In August 1995, a amendment to Act No. 593/1992 Coll. on Reserves for Determining the Income Tax Base entered into force. This newly defined categories and limits for provisioning, in particular in accordance with a classification of individual receivables (see the CNB provision on classification 1 ). This revision was in force up to the end of 1997.
In this year, the Banking Supervision Group carried out its first aggregate appraisal of co-operation with banks' auditors. It assessed individual auditors' activities and results for 1993 and 1994 in relation to the CNB provision from the end of 1994 stipulating the requirements for bank performance reports.
In view of the expertise and experience gained, especially from inspection work, the basic prudential regulations were substantially revised, as they had ceased to correspond to conditions in the banking sector (the provision stipulating the limits and terms for banks' open foreign exchange positions, the capital adequacy provision, the credit exposure provision and the provision on bank performance reports).
As the legal norms reflecting the needs of mortgage banking had been revised with effect from the beginning of July 1995, the Banking Supervision Group prescribed criteria and procedural aspects for granting licences to banks for the issuance of mortgage bonds (i.e. mortgage banks).
Control and analytical work
At the end of each quarter, a supplemented and expanded aggregate analysis of developments in the banking sector, including trends and ratings for individual banks, classified according to uniform criteria into five groups, was submitted to the CNB Bank Board for discussion. In 1995, the Banking Supervision Group's inspection work became much more intensive. In total, 15 comprehensive and partial inspections were carried out in banks, together with 17 information visits. The on-site inspections revealed that banks had inadequate valuations of their credit portfolios and their provisions needed to be significantly increased, which in several cases meant a loss of capital to create them. On the basis of the inspections, the Banking Supervision Group demanded that individual banks remedy this situation (by reclassifying loans, creating additional provisions and increasing capital as part of consolidation programmes).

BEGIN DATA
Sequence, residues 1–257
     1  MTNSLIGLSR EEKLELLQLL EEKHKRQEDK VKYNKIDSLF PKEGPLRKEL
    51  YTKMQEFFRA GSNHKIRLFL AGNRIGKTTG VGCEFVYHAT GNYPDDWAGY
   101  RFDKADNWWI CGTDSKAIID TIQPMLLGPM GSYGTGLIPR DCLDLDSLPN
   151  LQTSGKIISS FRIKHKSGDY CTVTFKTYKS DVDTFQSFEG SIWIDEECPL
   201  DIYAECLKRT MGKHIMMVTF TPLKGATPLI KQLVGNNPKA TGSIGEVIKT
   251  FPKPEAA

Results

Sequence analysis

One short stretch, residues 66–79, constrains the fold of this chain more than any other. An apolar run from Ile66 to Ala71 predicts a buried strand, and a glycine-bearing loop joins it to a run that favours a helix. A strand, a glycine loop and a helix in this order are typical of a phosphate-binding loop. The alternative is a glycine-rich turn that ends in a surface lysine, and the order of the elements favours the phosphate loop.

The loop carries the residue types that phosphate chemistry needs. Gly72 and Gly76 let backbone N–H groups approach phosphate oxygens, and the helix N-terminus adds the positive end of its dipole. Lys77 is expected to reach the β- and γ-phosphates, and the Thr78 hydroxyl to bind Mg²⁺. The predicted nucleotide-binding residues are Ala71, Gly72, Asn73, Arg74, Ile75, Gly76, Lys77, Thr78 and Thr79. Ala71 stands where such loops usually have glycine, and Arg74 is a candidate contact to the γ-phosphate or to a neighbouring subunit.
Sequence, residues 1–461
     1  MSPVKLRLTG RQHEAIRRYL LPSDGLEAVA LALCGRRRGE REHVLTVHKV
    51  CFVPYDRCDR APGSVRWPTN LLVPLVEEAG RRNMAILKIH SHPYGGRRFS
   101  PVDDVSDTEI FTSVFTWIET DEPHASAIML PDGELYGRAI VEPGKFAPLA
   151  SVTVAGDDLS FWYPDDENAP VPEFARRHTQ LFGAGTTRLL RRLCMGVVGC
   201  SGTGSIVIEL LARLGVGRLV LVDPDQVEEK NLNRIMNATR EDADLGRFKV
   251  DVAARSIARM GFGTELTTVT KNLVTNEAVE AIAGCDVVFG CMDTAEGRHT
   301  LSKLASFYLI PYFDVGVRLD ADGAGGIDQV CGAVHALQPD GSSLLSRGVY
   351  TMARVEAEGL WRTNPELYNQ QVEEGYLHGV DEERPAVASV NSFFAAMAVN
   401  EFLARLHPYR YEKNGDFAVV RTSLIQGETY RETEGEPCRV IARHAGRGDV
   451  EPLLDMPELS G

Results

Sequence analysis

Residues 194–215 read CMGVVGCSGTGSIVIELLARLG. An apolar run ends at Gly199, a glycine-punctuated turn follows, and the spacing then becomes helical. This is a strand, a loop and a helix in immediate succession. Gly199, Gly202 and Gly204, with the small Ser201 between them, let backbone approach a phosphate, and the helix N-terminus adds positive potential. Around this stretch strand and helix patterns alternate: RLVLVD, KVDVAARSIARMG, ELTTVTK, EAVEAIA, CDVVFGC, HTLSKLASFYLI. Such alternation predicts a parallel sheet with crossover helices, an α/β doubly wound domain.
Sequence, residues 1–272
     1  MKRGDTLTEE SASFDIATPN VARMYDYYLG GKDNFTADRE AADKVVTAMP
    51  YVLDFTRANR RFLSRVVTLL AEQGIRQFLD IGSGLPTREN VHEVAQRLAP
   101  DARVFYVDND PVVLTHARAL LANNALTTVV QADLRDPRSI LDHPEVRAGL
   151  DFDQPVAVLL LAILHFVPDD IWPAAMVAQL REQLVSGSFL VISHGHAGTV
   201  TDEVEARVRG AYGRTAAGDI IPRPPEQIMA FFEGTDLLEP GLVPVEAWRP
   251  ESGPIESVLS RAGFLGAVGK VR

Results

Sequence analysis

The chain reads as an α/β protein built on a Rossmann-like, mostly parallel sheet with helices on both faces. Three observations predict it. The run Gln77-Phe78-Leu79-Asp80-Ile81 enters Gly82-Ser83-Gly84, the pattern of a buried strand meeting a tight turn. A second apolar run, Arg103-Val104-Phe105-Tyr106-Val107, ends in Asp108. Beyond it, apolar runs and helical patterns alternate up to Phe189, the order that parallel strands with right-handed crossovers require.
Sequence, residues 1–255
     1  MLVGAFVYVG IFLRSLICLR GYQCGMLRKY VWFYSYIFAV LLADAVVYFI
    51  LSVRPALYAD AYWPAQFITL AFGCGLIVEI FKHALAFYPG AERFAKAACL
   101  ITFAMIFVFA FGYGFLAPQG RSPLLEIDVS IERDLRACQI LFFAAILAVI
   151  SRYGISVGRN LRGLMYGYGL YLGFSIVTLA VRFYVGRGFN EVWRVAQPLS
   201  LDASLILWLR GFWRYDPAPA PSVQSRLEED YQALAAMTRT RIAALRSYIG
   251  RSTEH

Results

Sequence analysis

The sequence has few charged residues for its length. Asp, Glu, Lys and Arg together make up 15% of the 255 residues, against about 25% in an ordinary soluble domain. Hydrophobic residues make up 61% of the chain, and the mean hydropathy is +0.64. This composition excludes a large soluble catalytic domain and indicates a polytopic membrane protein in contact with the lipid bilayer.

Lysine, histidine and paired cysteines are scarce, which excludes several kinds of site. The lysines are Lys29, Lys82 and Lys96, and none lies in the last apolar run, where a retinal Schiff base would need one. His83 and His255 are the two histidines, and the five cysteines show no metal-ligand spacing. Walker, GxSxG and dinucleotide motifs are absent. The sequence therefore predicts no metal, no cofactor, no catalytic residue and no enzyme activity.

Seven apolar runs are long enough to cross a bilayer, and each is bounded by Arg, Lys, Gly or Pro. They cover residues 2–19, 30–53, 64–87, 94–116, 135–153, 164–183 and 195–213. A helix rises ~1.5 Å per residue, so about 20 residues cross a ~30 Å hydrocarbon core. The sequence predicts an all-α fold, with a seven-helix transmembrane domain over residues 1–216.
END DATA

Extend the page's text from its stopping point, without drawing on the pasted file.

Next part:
Following an appraisal of trends in the banking sector in the first three quarters of 1995, especially in the small banks subsector, the CNB Bank Board discussed and approved the basic principles of Consolidation Programme II. This programme signified a more strict approach by the Banking Supervision Group to those banks, which failed to meet the fundamental prudential regulation - real capital adequacy of 8% - and required the implementation of recovery programmes with the support of the shareholders of banks under threat. The programme was oriented primarily towards the small domestic banks subsector and was based on the requirement for banks to fully cover risks from their assets in accordance with auditors' valuations at the end of 1995.
Organisational arrangements for banking supervision
In connection with the stricter supervision of banks and the greater volume of work, the CNB Bank Board discussed issues connected with optimising the structure and activities of banking supervision and the prospects for its future development. The outcome of these discussions was support for proposals by the banking supervision organisational units and a decision to continue recruiting supervisory staff, in particular to strengthen the supervisory work. In the Bank Analyses and Inspection Department, the overburdened Small Banks Inspection Division was split into two divisions. Training programmes for supervisory staff continued, with the most important ones carried out with the assistance of regulators in developed countries, especially the USA and EU countries (the UK, France, Belgium), in the form of short-term attachments. The number of staff working in all the banking supervision organisational units rose to a total of approximately seventy.
The banking sector
The number of banks was in essence constant in 1995. Only one licence was issued, to Česká exportní banka, established by the state under a special legislative act.
In the second half of the year, the CNB Bank Board decided to revoke the licences of Kreditní a průmyslová banka, AB Banka and Česká banka owing to serious long-term shortcomings in their activities. These decisions by the CNB Bank Board (dating from December 1995 for AB Banka and Česká banka) were a feature of the implementation of Consolidation Programme II.
The total level for provisioning was limited to 3% of the average level of receivables for the tax year.